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As a travel blogger, I have a behemoth heap of posts in my archival bank. Sadly however, a blog post only has a firefly’s lifespan. Once it’s had its run, it folds into the blog tomb, awaiting a Google search to resuscitate it. A lot of hours (days even!) of laborious writing, photo uploading and video editing for a very short parade.
Tripbase Project: ‘My 7 Links’
When Megan of On my way RTW tagged me on Tripbase’s My 7 Links project, I was both, honored to be counted in as a member of the travel blogging community and thrilled to share some of my favorite pieces. So if you missed some of these posts the first time around, here’s your second chance!
From a restaurant in Phnom Penh, Cambodia with the endearing mayhem of honking motodops and tuk-tuks as inspirational backdrop, I write for you …
My 7 links:
My Most Beautiful Post (photo above)
Everyone should experience the magic of awakening to the eternal spring of a love letter and Jeju Island’s Olle trails (inspired by Spain’s Pilgrim Trails) conveys just that. I’m not sure if this is my “Most Beautiful” post but the experience was certainlyone of the biggest romances of my year, such that it inspired my Love Letter project.
My Most Popular Post
This competes in the daily ranks with my post about the Korean bathhouse; and honestly, I think it’s because sex, naked and Koreans appear in the search tags! There’s a lot of mystery and gossip around Korean love motels as being seedy places to visit in Korea. This past year, the topic of ‘Korean love motels as brothels’ even drew heated controversy at a Formula One international racing event when event drivers were wrongly housed in its suspect variants. For tourists and expats however, love motels (and bath houses, for that matter) are well-worth the second look into quality, as they offer practical, affordable and fun means in Korean budget holiday gems.
Deep thanks to Daegu Pockets magazine for publishing it (it’s my first article in print!), to fellow K-bloggers for linking to it and The Korea Times for quoting from it (even if at the time, I wasn’t sure if the latter was a good thing) .
My Most Controversial Post
Why is the world still hating on Americans? Aside from my article about love motels, this is my next most controversial post. Meeting small-mindedness and stereotypes on the road, when we should be bonding as a travel community, really steams me! I’m fed up with ugly American stereotypes still existing and if you’re American, you should be too.
My Most Helpful Post
Without a doubt, my most helpful posts are my survival guides for living, eating,working and playing in Korea. A lot of empathy goes out for my fellow inmates, errr… expats in Kimchi-land and I get a lot of hits and comments from those curious about Korea or who are here for the job of teaching English. If you read the ESL forums, you’ll get the feeling that Korea is one of the countries foreigners love to hate on. Why is that? Well, things in Korea doesn’t always make a lot of sense to westerners. From tackling culture shock, work issues, cultural misunderstandings and attempting to build a lifestyle that you won’t always have translation help for, Korea is a safe and technologically-advanced country in many ways; but that doesn’t deem it as an easy country for foreigners to adapt to. Alternately, it also doesn’t mean it’s not worth trying!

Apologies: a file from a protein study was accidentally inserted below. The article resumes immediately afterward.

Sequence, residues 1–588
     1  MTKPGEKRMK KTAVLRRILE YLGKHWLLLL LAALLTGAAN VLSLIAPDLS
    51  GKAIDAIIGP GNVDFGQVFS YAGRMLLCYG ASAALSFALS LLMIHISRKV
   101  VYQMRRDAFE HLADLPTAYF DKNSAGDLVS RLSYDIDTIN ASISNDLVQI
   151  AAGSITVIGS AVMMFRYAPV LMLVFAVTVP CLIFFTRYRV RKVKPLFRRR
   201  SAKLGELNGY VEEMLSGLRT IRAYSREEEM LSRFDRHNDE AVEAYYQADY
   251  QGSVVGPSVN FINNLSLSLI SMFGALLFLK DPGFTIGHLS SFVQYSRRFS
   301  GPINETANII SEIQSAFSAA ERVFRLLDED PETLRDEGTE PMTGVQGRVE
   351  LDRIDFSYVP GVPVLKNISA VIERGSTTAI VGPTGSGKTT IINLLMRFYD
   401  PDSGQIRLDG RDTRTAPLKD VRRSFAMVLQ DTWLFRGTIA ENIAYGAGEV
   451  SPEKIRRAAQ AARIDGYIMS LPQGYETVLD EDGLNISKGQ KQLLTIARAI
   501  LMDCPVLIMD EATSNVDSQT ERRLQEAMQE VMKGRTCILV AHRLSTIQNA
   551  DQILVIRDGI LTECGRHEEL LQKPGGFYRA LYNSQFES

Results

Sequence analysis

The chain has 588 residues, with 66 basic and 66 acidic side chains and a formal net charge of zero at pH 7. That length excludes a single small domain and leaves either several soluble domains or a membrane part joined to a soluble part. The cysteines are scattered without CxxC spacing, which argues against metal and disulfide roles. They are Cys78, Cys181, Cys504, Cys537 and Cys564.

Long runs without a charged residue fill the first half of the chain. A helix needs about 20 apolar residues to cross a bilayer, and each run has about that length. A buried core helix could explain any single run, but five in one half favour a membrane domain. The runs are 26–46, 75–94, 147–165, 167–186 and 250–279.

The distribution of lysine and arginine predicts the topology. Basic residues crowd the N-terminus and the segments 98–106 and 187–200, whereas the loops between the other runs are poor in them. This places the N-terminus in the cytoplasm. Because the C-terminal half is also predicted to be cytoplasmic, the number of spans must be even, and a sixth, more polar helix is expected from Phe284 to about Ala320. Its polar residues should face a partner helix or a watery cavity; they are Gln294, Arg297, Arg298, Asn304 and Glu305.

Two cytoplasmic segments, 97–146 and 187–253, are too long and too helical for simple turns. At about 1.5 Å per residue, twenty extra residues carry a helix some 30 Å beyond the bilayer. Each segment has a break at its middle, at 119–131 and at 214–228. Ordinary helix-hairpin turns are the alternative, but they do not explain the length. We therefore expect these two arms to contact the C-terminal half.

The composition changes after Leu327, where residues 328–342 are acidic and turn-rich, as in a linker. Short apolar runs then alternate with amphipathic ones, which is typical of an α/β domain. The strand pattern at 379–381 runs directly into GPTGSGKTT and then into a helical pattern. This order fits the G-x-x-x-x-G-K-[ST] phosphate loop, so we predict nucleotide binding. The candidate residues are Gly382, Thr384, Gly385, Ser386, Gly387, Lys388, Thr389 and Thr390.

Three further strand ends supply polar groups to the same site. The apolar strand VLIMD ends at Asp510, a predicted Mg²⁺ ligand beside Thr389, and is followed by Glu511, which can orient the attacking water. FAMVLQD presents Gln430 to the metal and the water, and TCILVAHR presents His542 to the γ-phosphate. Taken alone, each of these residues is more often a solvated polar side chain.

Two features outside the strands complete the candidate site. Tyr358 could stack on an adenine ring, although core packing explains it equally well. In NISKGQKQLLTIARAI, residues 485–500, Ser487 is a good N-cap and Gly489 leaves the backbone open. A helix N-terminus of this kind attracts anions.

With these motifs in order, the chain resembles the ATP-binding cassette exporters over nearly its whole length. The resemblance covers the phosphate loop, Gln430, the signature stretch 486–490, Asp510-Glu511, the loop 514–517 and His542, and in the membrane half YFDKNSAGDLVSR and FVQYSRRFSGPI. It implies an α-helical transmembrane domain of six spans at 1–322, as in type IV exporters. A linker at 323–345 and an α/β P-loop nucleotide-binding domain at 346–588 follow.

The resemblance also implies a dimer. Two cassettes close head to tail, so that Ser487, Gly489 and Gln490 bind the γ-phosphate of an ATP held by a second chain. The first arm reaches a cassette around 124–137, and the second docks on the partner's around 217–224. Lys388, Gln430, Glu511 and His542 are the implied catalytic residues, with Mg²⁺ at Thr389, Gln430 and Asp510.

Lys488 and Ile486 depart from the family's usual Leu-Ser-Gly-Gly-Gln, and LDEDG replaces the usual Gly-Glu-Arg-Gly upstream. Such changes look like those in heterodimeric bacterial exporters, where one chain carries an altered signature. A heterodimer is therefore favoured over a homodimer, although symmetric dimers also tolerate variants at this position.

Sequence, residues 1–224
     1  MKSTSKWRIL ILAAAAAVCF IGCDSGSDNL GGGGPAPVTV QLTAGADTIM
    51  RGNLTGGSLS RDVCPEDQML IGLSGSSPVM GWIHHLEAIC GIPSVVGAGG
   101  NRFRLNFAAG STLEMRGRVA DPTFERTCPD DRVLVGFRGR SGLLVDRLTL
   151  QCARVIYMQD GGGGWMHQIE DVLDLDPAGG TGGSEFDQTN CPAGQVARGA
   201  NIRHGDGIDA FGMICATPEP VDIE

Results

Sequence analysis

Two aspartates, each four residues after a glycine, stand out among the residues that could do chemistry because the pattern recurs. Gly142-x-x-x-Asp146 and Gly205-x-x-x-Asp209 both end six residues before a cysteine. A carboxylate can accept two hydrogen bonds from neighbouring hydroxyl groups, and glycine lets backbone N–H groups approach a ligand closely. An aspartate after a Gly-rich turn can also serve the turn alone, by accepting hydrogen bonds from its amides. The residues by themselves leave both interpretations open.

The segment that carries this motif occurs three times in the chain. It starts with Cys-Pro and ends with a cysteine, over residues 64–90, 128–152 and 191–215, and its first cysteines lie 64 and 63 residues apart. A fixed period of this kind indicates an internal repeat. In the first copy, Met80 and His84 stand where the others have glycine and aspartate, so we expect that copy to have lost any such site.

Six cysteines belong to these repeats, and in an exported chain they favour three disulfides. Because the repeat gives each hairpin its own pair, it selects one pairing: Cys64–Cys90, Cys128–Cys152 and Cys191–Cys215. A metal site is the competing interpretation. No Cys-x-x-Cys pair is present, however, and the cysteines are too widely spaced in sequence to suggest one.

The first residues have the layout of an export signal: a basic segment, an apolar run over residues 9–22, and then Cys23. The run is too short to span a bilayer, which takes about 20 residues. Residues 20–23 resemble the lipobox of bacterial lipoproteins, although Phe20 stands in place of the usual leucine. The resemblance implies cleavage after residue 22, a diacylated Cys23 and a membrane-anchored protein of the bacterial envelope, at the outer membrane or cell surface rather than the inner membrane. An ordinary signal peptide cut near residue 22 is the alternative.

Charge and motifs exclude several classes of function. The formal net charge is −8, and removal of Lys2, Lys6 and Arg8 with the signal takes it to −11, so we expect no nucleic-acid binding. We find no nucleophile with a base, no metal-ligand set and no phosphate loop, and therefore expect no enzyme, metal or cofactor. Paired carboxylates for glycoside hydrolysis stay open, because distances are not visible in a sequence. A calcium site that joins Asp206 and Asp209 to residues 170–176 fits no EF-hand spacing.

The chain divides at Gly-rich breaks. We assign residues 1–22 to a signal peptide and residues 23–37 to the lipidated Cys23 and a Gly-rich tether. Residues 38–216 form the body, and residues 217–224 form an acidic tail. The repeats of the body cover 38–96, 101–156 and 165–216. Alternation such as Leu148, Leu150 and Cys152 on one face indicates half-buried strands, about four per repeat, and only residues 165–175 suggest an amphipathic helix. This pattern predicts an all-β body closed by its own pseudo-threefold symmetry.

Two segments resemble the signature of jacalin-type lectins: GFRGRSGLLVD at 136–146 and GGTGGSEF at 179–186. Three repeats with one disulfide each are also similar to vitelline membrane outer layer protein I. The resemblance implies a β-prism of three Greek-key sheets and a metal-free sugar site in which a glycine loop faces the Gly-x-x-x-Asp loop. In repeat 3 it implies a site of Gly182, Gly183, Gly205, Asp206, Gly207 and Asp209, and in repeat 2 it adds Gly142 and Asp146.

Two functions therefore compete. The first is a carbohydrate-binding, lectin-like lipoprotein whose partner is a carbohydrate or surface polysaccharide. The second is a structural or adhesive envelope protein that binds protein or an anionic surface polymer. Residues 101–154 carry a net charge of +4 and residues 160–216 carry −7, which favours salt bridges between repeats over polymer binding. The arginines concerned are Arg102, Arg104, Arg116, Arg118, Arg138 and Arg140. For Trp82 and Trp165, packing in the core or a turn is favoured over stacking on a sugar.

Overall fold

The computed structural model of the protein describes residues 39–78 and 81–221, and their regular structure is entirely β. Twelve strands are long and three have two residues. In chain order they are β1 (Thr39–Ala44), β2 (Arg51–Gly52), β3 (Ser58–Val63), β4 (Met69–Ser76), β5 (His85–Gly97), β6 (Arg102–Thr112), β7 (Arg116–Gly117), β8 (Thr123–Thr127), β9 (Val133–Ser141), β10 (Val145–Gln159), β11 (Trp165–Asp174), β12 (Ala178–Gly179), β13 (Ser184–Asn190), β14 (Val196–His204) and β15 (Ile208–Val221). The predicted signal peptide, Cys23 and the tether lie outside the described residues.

A Post Whose Success Surprised Me
What lengths would I go through to survive a Korean winter? When I wrote this, I felt a bit awkward revealing some of the silly things I did to stay warm, but thanks to my fellow readers, I didn’t feel left out in the cold alone. I really didn’t expect the amount of hits and responses it’s gotten.
A post I feel didn’t get the attention it deserved
I’d say many of my India posts like 5 Travel Must-Haves for India and the like… The one that’s been greatly gyped of attention however, is my post on lessons from my first solo trip there. I lost my solo traveler virginity on this trip! Though a bit scruffy in writing, it bore my very first GRRR and from it, sprang wonderful lessons of being alone on the road for the first time. At the time of post, I didn’t have any readers but my mom and dad –and though they definitely count big time in my book– they’re not really going to need to use the advice I’m sharing. Y’know?
The post I am most proud of
I’m not sure if this is my proudest post, but it always surfaces first in my mind. I had learned of Jeju Island’s mythic haeneyo (aka mermaids) before moving to Korea; and thus, I was really proud with my quest and actual discovery of them. The haeneyo are an older generation and dying tradition of women divers whom continue to dive and whom I find truly remarkable. Special thanks to Daegu Pockets magazine for printing it in their December 2010 issue.
Other people I’m tagging for this project are: